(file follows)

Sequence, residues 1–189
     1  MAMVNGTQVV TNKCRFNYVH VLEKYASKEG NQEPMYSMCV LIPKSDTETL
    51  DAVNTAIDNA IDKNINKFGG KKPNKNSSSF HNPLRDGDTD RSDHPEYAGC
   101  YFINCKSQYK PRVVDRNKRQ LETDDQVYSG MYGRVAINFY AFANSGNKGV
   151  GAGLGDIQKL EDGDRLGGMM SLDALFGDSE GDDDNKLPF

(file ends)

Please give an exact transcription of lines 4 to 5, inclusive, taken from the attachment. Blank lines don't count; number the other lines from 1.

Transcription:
   101  YFINCKSQYK PRVVDRNKRQ LETDDQVYSG MYGRVAINFY AFANSGNKGV
   151  GAGLGDIQKL EDGDRLGGMM SLDALFGDSE GDDDNKLPF